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Katherine Heigl has played some of the most loveable and memorable roles on TV and in films, but her role in the new thriller, Unforgettable might be one of her best yet. Heigl plays Tessa Connover the ex-wife who seems to have forgotten the “ex” part and becomes the baggage from hell that her former husband David (played by Geoff Stults) and new fiancé and then wife, Julia (played by Rosario Dawson) can’t seem to, well….forget.
The Hollywood veteran actress was a part of the press junket for the film, and then I was lucky enough to steal her for a few more personal questions.
Q: Tessa’s movements and mannerisms are so measured and precise. Even her posture seemed perfect at all times. Did you draw that from someone in particular ?
Not from anyone specifically. It did cause a lot of back pain though after a while. I was like “Uhh, uhh,” at the end of the day. Yeah, she held herself very stiffly. But I think a lot of that again, I have a tendency to do that at times when I am trying, when I am nervous, or I don’t know when you’re trying to contain yourself, or something. Everything tends to tighten up. And that was Tessa. And she was just so wired and so tight.
Q: Is she in denial, about how much she’s gone through in her life with her own mother?
I think she’s in huge denial, and I think she’s repressing so much. She doesn’t even, does she even really allow any real emotion to come out when her mother hurts her feelings or makes her feel small? Nothing, she contains it all. And somebody who does that, I’ve done that on occasion, where I just sort of stuff it down, stuff it down and then you have, well I usually don’t try to kill people, usually [laughs].
Q: How did you approach Tessa?
I think for me it really, really starts with the compassion. I had compassion for Tessa, and I felt sorry for, and I kind of identified with her fear really. And so her crazy is really born out of insecurity and fear, and the idea that she just is so terrified of not being perfect, of not achieving perfection in her life, in her marriage, and with her child and in herself. She I guess has some idea that if she doesn’t her whole world will fall apart. So the desperation to hold on it and to maintain it is what drives her to make choices that any sane person wouldn’t make. So I kind of just started, in order for it to not feel, it certainly is over the top, because again most sane people don’t, I don’t know if even, no sane people. We’ve heard of people making insane choices, but it’s rare, so you want it to feel extreme. Yes, but honest I guess. There’s a reason for each one of these choices, for why it goes further and further and further. Because she’s not getting the results she wants. So she goes one step further. And even in the moments with, talking about Isabella (Kai Rice, played daughter, Lily), the hardest thing I had to do was make that little girl cry. And it just, even now, it feels so terrible [laughs] It’s the hardest thing I had to do. And that’s when I started to lose a little bit of my compassion for Tessa. And I had to find a way to understand why she was doing this. And to do it from a place of again she truly believed she’s right. She truly believed she’s doing the right thing for her child. She’s teaching her a very valuable lesson. You only have one mother, and don’t alienate me. And all of it was coming from a place of sincerity. It wasn’t just to be outrageous and just to be crazy.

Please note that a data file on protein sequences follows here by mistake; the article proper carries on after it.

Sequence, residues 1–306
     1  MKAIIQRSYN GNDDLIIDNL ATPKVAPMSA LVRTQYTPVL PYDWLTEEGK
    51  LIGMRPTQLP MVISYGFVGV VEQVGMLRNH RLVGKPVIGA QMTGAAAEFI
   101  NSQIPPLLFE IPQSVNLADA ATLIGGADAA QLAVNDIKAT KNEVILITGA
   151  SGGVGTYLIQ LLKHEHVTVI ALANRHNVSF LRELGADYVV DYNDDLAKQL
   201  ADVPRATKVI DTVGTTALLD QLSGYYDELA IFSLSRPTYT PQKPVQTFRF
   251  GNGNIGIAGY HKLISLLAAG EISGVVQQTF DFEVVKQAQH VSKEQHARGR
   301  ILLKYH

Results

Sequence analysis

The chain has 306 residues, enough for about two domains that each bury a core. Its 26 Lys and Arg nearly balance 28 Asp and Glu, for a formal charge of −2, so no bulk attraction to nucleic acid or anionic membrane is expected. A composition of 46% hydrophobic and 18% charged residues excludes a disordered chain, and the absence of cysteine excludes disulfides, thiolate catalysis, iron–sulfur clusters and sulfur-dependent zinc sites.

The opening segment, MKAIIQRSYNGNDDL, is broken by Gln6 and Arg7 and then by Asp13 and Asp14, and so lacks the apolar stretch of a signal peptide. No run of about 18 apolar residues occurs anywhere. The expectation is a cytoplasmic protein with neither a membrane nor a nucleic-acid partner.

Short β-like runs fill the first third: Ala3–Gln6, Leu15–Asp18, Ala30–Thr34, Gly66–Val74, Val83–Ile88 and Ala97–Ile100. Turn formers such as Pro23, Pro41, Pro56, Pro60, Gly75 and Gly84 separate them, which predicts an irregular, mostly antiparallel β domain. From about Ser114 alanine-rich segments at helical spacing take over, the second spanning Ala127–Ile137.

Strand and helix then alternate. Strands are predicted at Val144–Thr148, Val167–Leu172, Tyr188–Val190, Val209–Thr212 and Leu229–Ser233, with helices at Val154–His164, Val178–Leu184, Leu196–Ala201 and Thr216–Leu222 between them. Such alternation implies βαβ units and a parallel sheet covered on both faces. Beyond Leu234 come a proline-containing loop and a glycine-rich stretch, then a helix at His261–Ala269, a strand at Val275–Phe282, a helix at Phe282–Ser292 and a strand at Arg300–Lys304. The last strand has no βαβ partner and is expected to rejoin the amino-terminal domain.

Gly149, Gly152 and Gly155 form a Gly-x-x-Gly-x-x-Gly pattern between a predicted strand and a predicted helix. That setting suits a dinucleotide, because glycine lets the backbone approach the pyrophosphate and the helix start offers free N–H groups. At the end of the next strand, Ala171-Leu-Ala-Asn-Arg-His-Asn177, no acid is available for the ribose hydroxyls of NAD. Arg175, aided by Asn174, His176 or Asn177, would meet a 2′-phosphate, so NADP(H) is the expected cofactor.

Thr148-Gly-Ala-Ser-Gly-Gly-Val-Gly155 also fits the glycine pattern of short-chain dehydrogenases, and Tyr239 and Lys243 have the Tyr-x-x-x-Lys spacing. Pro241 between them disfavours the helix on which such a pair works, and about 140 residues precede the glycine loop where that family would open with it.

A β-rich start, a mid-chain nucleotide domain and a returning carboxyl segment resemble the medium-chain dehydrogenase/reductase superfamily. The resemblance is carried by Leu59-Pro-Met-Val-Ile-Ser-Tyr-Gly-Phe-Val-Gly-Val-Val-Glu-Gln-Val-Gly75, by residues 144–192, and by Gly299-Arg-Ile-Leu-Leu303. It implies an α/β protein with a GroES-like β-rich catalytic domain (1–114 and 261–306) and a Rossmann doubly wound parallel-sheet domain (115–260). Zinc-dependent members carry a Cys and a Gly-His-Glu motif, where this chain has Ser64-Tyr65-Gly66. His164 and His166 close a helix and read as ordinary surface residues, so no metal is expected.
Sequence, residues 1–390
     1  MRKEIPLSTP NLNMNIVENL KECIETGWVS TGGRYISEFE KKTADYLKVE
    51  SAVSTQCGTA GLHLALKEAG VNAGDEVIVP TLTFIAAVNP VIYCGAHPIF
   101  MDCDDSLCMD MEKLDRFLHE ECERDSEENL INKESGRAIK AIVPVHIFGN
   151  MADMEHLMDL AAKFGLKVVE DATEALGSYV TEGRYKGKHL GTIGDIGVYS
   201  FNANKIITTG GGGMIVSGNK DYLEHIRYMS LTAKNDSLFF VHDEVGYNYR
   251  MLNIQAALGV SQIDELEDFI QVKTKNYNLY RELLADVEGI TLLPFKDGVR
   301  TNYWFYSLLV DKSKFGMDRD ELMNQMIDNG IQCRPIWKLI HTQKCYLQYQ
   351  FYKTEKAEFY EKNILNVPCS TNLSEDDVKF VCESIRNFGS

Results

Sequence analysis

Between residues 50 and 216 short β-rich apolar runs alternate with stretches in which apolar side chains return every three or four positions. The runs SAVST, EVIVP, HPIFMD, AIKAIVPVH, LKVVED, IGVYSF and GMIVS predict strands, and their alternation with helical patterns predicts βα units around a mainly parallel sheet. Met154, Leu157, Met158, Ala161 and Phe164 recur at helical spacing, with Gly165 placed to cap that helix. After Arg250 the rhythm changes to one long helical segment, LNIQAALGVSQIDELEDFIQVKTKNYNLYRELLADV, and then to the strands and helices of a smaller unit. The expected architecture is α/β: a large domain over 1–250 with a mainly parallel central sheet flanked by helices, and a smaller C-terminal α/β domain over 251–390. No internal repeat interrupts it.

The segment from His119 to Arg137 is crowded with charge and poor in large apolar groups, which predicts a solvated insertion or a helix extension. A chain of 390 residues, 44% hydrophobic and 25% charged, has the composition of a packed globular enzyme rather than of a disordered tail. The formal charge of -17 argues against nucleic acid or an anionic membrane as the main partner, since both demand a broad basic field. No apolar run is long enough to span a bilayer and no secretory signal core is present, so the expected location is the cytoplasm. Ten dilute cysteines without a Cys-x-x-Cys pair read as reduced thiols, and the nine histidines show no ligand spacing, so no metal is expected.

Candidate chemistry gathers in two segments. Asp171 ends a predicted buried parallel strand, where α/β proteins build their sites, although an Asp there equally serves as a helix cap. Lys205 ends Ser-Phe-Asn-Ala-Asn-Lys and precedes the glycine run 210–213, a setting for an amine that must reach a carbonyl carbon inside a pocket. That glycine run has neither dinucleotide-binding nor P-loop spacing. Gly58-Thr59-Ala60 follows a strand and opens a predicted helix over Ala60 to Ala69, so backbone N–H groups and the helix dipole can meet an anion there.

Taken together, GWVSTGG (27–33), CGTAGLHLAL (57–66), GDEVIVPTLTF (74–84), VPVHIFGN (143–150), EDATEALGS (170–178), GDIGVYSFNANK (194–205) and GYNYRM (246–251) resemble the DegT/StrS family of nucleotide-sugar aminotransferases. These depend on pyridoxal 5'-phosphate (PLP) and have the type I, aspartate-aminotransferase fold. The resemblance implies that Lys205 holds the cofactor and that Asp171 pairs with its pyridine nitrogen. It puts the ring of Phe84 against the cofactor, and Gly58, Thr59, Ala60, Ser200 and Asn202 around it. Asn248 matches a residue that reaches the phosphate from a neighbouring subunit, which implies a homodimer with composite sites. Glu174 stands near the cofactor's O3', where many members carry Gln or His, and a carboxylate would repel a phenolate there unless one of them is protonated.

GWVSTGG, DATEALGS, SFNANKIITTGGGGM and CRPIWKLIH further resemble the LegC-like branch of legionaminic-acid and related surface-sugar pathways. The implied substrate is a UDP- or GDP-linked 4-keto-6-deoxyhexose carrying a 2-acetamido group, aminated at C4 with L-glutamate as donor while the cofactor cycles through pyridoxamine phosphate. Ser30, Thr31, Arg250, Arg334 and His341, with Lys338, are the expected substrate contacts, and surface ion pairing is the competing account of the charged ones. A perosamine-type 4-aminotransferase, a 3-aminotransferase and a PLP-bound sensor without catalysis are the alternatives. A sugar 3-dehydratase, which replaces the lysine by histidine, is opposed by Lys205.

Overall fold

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Q: In this movie you play a strict mom. In your real life, with your three kids, are you super strict, or do you let them do what they want?
No, I am a strict mom for sure. I’m not as bad as Tessa. But yeah, I am a strict mom. I like routine, I like rules, and discipline and boundaries. And everybody knows what to expect.
Q: How about cell phone, iPhone, and iPad use? Do they have curfew?
I do let them play on their iPads. I really hope that the games are educational. I should really look at that. But generally, no. I just recently started saying to Naleigh, “No iPad, let’s read a book.” She loves to read, and I want to encourage that. And it is very easy sometimes as a parent to just go, “Just go play with your iPad,” because it’s like a built in babysitter. But it does take away imagination. It takes away quiet time where you’re just forced to use your own imagination to entertain yourself.
Q: You adapted Naleigh from Korea. Is she learning Korean?
No, we haven’t started that yet. We’re up in Utah, it’s a little difficult. But my sister is Korean and she started having children first, so my mother is Halmeoni. It’s the only Korean word we know, which is Korean for grandmother.
Q: Can she use chopsticks?
Oh, she’s really great with chopsticks. Yeah, she has been since she was like three years old.
Q: Girls and boys are different to raise. So how is it now that you have a son?
Yes, he is just only three and a half months old but he is already exhibiting such boy, he’s so much less emotionally complicated to me than my girls in a way. Like when he’s happy, he’s purely happy. When he’s upset, he’s upset for reasons we know. Like he’s hungry, he’s tired, he’s lonely. That’s it. When my girls, now when their infants they’re all like that. But I’ll be interested to see as he gets older if that sort of maintains, if his emotional needs are just that clear [laughs].
Unforgettable opens theaters on April 21st. For more info on tickets and theatre locations, visit the film’s official website at www.warnerbros.com/unforgettable
You can also learn more about Katherine and her attentional projects by visiting her official website, www.kheigl.com
Interview by Izumi Hasegawa – @HNW_Izumi
Edited by: Jody Taylor – @RealJodyTaylor
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